‘get up’. In the data, 81% (158/196) of transitive ‘get’ verbs are marked with a transitive affix, and none of the intransitive uses are marked transitively.
It is interesting to note that some verbs may pattern in the data in ways that might not be expected before the data are explored. One example is of the verb drink ‘drink’. This verb was coded as kinesis = ‘high’, punctuality = ‘low’, volitionality = ‘high’, and affectedness of O = ‘high’. However, in the data, when the verb is progressive, drink-ing, it is most often used in the sense of ‘partying’, or ‘drinking with friends’. This means that the coding per verb does not always align with its use in every utterance. Nevertheless, we find that coding per verb type, and including verb frequency in the model, provides interpretable patterns in the data.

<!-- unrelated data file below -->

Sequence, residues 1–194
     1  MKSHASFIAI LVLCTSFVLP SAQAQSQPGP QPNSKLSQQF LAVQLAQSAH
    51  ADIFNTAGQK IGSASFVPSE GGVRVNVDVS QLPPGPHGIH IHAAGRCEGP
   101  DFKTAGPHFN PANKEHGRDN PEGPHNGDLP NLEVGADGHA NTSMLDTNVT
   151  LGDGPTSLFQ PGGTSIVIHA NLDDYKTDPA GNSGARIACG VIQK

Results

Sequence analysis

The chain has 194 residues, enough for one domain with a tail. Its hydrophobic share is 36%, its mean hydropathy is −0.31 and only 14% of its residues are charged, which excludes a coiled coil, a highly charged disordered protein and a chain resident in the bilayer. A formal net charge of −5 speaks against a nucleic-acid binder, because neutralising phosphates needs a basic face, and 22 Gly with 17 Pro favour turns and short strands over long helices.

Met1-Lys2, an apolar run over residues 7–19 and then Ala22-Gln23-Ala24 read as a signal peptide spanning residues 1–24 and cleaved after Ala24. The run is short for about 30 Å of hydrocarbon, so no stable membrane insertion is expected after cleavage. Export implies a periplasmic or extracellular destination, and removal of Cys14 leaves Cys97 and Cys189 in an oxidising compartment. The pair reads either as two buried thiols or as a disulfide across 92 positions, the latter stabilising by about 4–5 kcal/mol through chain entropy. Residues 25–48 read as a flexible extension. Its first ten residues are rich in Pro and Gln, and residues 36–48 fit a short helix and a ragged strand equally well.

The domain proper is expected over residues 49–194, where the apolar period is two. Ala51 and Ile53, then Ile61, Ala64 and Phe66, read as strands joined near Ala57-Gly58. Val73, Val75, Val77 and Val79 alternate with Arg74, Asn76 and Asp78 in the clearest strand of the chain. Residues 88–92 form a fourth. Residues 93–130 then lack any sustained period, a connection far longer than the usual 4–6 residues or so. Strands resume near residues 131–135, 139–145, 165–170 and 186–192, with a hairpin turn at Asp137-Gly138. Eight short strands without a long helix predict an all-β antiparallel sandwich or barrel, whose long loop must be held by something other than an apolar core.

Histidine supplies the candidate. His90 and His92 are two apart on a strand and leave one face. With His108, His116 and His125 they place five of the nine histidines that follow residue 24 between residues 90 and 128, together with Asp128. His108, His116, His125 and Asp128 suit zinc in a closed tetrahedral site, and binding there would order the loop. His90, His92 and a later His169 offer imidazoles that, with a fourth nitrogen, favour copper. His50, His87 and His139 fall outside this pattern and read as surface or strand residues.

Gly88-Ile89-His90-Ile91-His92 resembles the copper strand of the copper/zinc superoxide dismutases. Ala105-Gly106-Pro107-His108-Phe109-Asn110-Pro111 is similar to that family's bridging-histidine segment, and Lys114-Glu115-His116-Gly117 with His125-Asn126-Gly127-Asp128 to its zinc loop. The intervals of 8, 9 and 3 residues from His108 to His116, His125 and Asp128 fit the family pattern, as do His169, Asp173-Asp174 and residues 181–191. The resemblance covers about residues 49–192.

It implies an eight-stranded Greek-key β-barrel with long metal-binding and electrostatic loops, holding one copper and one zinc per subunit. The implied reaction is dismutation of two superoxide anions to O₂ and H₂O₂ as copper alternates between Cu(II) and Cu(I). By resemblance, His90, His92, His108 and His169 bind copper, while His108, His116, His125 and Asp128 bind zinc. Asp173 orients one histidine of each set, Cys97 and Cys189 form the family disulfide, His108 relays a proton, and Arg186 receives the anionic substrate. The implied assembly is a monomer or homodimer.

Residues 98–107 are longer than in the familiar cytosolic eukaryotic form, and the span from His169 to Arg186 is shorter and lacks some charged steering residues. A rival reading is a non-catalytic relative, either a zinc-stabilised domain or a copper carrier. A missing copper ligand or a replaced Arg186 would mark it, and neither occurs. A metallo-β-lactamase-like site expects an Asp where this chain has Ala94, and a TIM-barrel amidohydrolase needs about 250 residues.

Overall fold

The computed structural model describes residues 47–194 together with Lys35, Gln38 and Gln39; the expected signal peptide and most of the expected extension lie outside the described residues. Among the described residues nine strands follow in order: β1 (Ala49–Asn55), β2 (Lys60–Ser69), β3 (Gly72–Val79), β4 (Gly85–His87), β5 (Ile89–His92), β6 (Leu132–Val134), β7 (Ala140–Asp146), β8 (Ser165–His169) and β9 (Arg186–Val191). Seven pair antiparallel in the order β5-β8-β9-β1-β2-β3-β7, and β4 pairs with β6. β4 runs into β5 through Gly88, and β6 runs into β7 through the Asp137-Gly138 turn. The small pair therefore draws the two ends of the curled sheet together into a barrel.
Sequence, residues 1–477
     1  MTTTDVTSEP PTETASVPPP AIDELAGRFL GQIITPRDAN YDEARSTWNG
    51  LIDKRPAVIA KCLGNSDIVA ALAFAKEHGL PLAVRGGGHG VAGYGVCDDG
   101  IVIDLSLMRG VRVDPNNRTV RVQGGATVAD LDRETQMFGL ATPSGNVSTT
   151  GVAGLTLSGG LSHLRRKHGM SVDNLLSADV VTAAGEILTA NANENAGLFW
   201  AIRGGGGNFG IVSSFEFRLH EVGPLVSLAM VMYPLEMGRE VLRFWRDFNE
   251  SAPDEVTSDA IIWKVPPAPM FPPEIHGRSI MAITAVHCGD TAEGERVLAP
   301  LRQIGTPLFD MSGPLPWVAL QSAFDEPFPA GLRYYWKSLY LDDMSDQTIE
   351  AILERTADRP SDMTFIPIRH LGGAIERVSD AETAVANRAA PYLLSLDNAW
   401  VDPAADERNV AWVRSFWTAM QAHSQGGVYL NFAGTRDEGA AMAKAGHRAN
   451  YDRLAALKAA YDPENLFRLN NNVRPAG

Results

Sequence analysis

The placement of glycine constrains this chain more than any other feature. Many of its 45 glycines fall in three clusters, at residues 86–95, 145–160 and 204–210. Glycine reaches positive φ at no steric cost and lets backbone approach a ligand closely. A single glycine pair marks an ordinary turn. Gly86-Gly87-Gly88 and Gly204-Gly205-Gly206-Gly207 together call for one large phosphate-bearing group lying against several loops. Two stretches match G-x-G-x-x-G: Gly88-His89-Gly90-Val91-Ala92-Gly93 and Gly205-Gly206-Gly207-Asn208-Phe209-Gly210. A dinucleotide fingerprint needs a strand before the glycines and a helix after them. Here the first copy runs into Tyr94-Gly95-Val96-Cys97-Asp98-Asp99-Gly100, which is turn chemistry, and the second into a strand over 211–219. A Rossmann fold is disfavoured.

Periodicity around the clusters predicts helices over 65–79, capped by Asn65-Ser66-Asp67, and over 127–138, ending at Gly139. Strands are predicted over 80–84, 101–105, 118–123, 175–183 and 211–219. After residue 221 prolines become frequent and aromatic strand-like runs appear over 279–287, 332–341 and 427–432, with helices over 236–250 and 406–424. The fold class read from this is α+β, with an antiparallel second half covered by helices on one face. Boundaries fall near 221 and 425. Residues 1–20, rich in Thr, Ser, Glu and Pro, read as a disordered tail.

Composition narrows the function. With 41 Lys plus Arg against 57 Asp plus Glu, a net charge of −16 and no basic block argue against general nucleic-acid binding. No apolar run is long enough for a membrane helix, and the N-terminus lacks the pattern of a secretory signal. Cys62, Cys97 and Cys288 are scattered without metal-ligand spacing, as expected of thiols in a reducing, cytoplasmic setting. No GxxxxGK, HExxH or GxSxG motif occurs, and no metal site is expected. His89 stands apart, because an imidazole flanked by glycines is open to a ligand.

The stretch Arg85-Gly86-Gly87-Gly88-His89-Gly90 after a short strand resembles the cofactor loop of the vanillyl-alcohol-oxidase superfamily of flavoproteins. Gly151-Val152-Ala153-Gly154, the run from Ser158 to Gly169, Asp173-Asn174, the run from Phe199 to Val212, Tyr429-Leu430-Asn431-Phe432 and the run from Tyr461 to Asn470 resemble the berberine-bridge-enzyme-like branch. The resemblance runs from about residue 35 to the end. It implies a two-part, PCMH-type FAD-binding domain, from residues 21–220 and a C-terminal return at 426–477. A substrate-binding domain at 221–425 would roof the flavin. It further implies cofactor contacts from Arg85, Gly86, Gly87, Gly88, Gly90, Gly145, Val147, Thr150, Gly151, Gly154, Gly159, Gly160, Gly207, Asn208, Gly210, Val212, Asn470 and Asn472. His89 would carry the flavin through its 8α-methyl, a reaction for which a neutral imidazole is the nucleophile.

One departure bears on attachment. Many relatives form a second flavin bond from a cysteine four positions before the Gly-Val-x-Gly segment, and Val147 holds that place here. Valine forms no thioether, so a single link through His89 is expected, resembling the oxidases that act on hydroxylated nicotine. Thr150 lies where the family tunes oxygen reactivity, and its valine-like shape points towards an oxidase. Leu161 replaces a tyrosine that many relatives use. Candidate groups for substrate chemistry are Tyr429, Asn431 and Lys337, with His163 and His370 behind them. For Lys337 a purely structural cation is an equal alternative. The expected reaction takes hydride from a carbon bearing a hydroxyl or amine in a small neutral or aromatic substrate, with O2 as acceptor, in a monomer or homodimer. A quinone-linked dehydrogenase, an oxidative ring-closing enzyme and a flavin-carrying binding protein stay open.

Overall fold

Questions not explored in this study that would be of interest are how the variable presence of transitive marking correlates with nominal ergative marking, and with word order, since ergative marking occurs more often when the word order is VA (O’Shannessy 2016b
). Following from these questions, it would be interesting to see if the patterning reported in this study remains constant over time, or shows change when the data of child speakers are examined, or if frequency of use changes over time. Questions that the current data could not address include those of whether both unergative and unaccusative intransitive verbs (cf. Perlmutter 1978
can be transitivized in Light Warlpiri, and how they interact with Hopper and Thompson’s Transitivity Hypothesis.